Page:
** lists & links targeted for She-philosopher.com content **
First Published: April 2004
Revised (substantive): 28 December 2016
THE REFERENCES SECTION OF She-philosopher.com houses the List of Works Cited, along with themed (and sometimes annotated) bibliographies, plus an original compilation of early-modern women involved with science & technology.
• Works Cited: Selected Primary Sources (pre-20th century)
• Works Cited: Selected Secondary Sources (20th and 21st century)
Selective list of early-modern women who contributed in various ways to the growth of science & technology. The women listed range in social rank from queens to illiterate midwives, with participatory activities that run the gamut from accounting, alchemy, astrology, and astronomy to bookbinding, botany, calligraphy, cartography, chemistry and iatrochemistry, engineering, engraving, entomology, horticulture, illustration, instrument manufacture, marketing, mathematics, medicine, natural philosophy, patron of the arts & sciences, pharmacy, niche publication of scientific works, print selling & print publication, surgery, technical writing, and zoology.
• Bibliography for phronesis and prudentia
• Bibliography for the study of 19th-century lithography, especially as used to illustrate scholarly books & journals
• Bibliography for the study of ornament in England’s 17th-century book trade
• Bibliography for the study of 17th-century heraldry
• Bibliography for studying 17th-century English writing-masters and their copy-books
• Bibliography relating to 17th-century English “waggoners” and the drawing of coastal views
I ought to point out that the two lists of Works Cited included in this section of the website will not be evolving into a comprehensive or authoritative bibliography, as is the custom in scholarly publication. Rather, they will provide the bibliographic data, in a convenient location, for those few titles with which I have chosen to engage.
This is my most recent work-around to the problem of information overload that every 21st-century scholar faces.
Stephen Hawking has written about the recent exponential growth of information, usefully juxtaposing artificial and biological new-information rates:
Because biological evolution is basically a random walk in the space of all genetic possibilities, it has been very slow. The complexity, or number of bits of information, that is coded in DNA is roughly the number of bases in the molecule. For the first two billion years or so, the rate of increase in complexity must have been of the order of one bit of information every hundred years. The rate of increase of DNA complexity gradually rose to about one bit a year over the last few million years. But then, about six or eight thousand years ago, a major new development occurred. We developed written language. This meant that information could be passed from one generation to the next without having to wait for the very slow process of random mutations and natural selection to code it into the DNA sequence. The amount of complexity increased enormously. A single paperback romance could hold as much information as the difference in DNA between apes and humans, and a thirty-volume encyclopedia could describe the entire sequence of human DNA.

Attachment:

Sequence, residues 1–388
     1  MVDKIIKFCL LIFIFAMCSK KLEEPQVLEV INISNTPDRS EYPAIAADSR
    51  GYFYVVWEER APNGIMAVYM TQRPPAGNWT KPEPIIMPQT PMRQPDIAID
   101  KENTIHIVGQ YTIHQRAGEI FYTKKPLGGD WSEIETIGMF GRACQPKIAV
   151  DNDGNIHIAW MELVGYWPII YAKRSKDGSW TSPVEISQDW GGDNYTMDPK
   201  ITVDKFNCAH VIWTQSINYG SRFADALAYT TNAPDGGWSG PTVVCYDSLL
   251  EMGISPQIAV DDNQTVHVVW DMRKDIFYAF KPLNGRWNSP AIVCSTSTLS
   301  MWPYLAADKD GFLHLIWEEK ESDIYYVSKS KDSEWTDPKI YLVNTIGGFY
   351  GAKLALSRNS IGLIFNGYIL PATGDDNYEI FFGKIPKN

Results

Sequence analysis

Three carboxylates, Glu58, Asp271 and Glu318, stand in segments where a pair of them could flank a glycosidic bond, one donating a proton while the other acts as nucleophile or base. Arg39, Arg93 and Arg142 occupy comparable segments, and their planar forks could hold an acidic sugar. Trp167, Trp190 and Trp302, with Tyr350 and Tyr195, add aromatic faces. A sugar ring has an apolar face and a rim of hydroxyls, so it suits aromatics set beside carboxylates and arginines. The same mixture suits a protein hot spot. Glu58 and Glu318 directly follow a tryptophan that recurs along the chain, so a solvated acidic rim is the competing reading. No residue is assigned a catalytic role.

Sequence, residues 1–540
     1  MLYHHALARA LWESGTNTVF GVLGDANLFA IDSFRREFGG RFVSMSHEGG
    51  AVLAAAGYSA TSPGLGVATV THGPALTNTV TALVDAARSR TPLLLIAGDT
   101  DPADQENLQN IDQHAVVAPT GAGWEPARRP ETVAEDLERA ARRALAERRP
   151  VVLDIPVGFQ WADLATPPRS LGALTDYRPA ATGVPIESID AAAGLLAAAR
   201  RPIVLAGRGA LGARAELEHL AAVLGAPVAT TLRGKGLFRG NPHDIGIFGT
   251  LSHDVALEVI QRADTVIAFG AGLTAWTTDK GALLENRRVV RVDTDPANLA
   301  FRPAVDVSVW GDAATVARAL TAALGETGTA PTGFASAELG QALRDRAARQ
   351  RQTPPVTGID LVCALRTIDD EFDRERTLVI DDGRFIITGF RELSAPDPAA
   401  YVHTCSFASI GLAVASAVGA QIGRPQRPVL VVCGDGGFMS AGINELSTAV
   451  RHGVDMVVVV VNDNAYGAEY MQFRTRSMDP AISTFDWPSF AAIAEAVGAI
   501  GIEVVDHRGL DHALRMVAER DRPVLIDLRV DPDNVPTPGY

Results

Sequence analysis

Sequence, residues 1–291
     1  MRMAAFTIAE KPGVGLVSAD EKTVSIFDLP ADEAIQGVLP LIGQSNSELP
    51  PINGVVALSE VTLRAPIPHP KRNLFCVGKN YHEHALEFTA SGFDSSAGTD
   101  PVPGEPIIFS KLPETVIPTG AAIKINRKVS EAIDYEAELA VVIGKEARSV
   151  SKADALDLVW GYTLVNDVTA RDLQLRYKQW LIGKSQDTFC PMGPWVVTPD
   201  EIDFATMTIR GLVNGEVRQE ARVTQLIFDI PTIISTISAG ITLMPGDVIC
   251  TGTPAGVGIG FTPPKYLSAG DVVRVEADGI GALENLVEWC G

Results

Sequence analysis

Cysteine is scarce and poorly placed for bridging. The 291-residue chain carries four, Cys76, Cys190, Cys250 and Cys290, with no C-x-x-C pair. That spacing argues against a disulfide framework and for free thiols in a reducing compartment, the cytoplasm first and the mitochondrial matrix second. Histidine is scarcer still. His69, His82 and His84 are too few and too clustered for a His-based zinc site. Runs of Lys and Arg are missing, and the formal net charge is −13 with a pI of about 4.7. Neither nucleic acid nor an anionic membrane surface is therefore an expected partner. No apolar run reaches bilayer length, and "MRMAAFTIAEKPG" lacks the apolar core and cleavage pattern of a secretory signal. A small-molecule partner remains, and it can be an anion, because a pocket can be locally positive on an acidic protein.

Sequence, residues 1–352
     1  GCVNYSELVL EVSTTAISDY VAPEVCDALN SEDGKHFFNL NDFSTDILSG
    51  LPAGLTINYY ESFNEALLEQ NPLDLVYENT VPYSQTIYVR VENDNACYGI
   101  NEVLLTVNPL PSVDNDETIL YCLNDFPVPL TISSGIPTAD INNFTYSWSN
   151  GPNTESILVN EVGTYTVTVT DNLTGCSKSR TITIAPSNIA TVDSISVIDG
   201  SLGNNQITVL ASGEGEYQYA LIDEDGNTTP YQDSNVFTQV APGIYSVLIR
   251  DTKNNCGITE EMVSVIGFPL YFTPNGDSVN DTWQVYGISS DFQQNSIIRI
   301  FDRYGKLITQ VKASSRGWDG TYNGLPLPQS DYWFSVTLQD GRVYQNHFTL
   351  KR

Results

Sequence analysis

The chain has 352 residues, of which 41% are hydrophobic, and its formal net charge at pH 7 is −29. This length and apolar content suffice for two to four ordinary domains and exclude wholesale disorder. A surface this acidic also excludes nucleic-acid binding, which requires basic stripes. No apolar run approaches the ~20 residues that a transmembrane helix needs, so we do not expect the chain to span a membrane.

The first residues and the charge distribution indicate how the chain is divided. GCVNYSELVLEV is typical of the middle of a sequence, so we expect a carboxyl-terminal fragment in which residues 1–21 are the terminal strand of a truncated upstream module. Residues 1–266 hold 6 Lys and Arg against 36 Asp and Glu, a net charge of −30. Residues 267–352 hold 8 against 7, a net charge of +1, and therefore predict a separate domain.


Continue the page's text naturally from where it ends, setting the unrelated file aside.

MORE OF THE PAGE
Even more important, the information in books can be updated rapidly. The current rate at which human DNA is being updated by biological evolution is about one bit a year. But there are two hundred thousand new books published each year, a new-information rate of over a million bits a second. Of course, most of this information is garbage, but even if only one bit in a million is useful, that is still a hundred thousand times faster than biological evolution.
(Hawking, The Universe in a Nutshell, 161–5)
As Hawking points out, just to stay on top of current developments in a given specialty would require volume reading of a sort beyond the capacity of the average human being:
If you stacked all the new books being published next to each other, you would have to move at 90 miles an hour just to keep up with the end of the line. Of course, by 2600 new artistic and scientific work will come in electronic forms, rather than as physical books and papers. Nevertheless, if the exponential growth continued, there would be ten papers a second in my kind of theoretical physics, and no time to read them.
(Hawking, The Universe in a Nutshell, 159)
Clearly, the way in which we do scholarship is going to have to change.
Of necessity, I have already begun to change what and how I read, and this has included cutting back substantially on secondary materials.
Stephen Toulmin first raised the problem of too much “unanimity” among “historians ... borrowing from each other’s narratives instead of returning to the original texts,” and over the years, I have become concerned about this myself. (Toulmin, Cosmopolis, 13)
As such, I will be “returning to the original texts” as much as possible, and along with this, privileging live critical engagements with opinionated others in the She-philosopher.com community, over more closeted volume reading of secondary criticism.